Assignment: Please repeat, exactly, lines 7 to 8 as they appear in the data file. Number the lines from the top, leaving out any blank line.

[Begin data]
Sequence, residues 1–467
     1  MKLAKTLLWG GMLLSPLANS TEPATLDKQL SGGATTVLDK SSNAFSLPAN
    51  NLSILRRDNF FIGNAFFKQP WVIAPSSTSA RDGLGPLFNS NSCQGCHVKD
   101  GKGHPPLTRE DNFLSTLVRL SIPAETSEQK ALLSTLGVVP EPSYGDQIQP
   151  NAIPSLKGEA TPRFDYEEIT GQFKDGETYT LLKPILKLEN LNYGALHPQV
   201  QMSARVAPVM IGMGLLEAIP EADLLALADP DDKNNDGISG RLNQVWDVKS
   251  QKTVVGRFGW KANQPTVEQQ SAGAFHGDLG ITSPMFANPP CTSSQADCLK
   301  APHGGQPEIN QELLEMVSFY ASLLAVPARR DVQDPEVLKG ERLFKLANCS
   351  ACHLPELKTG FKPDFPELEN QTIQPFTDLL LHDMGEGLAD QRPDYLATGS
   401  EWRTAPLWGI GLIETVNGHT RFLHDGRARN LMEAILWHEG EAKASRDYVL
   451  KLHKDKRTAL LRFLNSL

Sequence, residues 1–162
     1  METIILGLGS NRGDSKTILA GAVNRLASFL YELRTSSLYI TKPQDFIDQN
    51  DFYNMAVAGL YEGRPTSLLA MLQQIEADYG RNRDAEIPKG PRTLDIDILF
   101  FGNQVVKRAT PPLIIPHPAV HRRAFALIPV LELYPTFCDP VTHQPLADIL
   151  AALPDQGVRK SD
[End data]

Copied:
   251  QKTVVGRFGW KANQPTVEQQ SAGAFHGDLG ITSPMFANPP CTSSQADCLK
   301  APHGGQPEIN QELLEMVSFY ASLLAVPARR DVQDPEVLKG ERLFKLANCS